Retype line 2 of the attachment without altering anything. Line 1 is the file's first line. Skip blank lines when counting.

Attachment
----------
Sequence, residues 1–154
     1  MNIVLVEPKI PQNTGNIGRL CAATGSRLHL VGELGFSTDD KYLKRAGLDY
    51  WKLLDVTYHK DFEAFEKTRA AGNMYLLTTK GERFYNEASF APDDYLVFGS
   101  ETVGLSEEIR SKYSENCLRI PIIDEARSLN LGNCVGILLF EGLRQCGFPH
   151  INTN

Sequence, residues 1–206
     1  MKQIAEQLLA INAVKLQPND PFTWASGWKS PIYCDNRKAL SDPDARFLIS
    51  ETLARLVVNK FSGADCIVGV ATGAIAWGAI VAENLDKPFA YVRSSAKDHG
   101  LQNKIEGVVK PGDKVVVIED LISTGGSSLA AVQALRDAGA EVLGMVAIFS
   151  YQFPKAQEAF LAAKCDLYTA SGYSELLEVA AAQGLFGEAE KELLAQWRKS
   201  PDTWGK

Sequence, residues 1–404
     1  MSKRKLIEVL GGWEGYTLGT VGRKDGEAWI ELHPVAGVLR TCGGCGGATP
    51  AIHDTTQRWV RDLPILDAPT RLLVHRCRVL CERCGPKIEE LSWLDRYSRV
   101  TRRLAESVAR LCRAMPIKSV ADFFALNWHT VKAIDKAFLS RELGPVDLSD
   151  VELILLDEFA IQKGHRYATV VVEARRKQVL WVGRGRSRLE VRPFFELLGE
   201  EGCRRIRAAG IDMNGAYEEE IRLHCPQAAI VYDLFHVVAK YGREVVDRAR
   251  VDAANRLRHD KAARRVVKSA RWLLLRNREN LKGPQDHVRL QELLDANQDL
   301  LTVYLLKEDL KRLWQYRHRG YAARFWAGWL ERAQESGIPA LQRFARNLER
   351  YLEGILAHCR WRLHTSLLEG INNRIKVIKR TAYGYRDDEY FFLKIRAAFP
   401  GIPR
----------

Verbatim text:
     1  MNIVLVEPKI PQNTGNIGRL CAATGSRLHL VGELGFSTDD KYLKRAGLDY